Medicine

'Night owls' tend to die sooner than 'morning larks'

'Night owls' tend to die sooner than 'morning larks'

Definitive night owls had nearly double the risk of suffering from psychological disorders, about a 30% increased risk for diabetes, a 25% increased risk for neurological conditions, 23% increased risk for gastrointestinal disorders, and a 22% increased risk for respiratory disorders.

The researchers tracked 500,000 British people over six years, and corrected their figures for common problems suffered by night owls such as heart disease.

Night owls were also more likely to have diabetes, neurological disorders, psychological disorders, gastrointestinal disorders and respiratory disorders, according to Kristen Knutson, associate professor of neurology at Northwestern's Feinberg School of Medicine and a leading author of the study. "Part of it you dont have any control over and part of it you might".

A 2014 study also showed that those who stay up late had less white matter in certain areas of the brain associated with depression.

This new study is one of the most extensive to see how much of a role chronotype has on risk for death and other health conditions. 35 percent as "more a morning person than an evening person", 28 percent as "more an evening than morning person" and 9 percent as "definitely an evening person".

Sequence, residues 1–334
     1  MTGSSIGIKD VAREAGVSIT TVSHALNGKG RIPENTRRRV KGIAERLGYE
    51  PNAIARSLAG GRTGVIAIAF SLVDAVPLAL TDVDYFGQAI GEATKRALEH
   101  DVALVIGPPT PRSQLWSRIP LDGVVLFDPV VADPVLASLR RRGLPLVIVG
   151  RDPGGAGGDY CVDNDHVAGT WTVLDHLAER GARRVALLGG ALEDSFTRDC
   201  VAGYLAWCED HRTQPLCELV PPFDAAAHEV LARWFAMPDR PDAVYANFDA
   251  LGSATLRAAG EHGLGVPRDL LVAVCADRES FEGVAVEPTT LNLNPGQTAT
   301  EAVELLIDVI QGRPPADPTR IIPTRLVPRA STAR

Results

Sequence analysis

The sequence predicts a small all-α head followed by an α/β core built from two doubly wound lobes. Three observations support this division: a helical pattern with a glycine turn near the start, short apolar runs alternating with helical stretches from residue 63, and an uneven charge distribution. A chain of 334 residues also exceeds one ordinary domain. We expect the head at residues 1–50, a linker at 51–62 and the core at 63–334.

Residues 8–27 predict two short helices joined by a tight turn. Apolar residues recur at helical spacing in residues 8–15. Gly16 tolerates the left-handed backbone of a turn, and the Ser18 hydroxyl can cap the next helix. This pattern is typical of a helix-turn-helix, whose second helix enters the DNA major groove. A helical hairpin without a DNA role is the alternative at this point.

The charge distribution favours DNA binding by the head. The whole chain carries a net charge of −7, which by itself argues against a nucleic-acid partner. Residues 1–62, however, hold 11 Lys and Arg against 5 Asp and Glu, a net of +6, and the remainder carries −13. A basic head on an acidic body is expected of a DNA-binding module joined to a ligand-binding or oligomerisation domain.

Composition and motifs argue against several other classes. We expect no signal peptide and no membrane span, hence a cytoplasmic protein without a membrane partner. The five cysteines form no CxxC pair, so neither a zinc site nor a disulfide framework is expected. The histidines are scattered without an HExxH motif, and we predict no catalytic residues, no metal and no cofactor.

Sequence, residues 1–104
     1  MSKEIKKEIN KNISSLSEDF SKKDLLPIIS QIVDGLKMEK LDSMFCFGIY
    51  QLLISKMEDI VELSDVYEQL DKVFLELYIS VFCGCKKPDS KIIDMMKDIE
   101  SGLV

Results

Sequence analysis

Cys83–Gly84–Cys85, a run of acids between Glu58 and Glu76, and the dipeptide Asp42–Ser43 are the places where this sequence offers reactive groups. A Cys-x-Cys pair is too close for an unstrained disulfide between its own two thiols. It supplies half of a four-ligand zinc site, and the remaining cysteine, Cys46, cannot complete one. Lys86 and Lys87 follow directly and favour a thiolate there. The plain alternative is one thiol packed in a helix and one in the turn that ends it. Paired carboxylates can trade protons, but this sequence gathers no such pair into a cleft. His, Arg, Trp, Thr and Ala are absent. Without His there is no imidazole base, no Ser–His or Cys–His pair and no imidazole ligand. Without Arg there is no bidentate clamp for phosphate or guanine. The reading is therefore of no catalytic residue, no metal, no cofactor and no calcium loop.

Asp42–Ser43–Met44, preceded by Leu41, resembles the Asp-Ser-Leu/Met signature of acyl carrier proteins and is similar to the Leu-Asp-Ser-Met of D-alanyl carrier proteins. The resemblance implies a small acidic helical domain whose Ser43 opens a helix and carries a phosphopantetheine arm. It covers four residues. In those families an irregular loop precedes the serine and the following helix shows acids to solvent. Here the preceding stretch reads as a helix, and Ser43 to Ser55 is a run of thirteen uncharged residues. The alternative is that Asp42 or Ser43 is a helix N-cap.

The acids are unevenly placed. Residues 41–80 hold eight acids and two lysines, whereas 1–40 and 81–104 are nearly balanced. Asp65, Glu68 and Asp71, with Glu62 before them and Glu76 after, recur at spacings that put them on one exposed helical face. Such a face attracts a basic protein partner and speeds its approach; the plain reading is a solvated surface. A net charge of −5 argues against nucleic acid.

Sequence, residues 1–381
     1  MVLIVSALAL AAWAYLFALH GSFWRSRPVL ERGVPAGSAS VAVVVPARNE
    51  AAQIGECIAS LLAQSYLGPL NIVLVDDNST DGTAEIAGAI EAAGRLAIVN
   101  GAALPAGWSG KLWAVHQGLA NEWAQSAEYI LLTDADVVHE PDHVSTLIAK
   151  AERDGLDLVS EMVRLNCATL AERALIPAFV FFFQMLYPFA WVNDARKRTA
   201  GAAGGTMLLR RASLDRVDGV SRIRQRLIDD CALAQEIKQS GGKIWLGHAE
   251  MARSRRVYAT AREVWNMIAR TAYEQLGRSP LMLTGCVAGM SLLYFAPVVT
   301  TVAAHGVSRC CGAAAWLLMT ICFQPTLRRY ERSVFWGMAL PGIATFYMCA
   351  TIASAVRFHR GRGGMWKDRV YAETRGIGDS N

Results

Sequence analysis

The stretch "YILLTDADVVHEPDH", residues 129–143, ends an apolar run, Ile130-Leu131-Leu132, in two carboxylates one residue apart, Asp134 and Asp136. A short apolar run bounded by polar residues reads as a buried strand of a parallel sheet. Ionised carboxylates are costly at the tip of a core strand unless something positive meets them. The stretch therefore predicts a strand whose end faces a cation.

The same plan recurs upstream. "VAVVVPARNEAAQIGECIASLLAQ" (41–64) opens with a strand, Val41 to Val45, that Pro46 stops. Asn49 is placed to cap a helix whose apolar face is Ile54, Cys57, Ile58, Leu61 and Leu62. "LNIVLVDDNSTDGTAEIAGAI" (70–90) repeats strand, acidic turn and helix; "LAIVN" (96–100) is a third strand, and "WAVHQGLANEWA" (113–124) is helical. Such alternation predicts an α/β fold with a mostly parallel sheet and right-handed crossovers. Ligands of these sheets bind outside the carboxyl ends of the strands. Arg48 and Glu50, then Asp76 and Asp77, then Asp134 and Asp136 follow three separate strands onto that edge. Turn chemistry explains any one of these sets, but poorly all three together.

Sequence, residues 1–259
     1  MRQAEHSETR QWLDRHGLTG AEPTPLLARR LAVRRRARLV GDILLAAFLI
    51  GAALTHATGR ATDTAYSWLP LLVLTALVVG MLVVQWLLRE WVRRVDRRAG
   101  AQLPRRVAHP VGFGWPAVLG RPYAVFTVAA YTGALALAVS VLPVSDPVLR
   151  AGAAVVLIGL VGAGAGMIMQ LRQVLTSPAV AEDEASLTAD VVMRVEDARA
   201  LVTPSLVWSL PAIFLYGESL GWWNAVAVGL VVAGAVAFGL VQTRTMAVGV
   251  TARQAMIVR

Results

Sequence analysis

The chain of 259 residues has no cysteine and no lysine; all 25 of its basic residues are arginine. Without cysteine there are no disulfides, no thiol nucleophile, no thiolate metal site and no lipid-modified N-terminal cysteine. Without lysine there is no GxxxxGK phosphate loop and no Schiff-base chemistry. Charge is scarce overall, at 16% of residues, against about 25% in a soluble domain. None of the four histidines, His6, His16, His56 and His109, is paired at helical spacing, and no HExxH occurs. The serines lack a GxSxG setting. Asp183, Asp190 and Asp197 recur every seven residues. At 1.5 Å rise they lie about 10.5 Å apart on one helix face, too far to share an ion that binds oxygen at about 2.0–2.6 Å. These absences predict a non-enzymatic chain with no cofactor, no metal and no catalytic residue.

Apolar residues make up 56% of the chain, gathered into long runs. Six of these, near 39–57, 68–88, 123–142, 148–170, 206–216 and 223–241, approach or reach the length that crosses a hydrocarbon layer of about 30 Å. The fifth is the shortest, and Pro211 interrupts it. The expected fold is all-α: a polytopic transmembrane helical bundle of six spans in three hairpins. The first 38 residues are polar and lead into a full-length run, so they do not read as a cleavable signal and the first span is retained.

However, there are some things society can change to take some of the pressure off night owls.

Previous studies in this field have focused on the higher rates of metabolic dysfunction and cardiovascular disease, but this is the first to look at mortality risk.

When the sun goes down millions of people rev up, becoming energized and productive late into the evening, but burning the midnight oil could mean you'll burn out for good much sooner than early risers.

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A survey of more than 430,000 people in Britain found that "night owls" had a 10 per cent higher risk of dying in the 61/2-year study period than "larks".

"The mismatch between their internal biological clock and their behavior and environment is problematic, especially in the long run", Knutson said.

They compared the different types, adjusting for a range of factors, including the study participants' age, sleep duration and existing health problems.

"If you can recognise these (types) are, in part, genetically determined and not just a character flaw, jobs and work hours could have more flexibility for owls", Knutson said. "That not only makes it hard to fall asleep; it's also a signal to your clock to start being later again".

More than a third of Brits identify as night people.

The researchers say that employers should adapt work schedules to fit the body clocks of people who struggle to get up in the morning.

"An important message here is for night owls to realize that they have these potential health problems and therefore need to be more vigilant about maintaining a healthy lifestyle", Knutson added.

'It could be psychological stress, eating at the wrong time for their body, not exercising enough, not sleeping enough, being awake at night by yourself, maybe drug or alcohol use.


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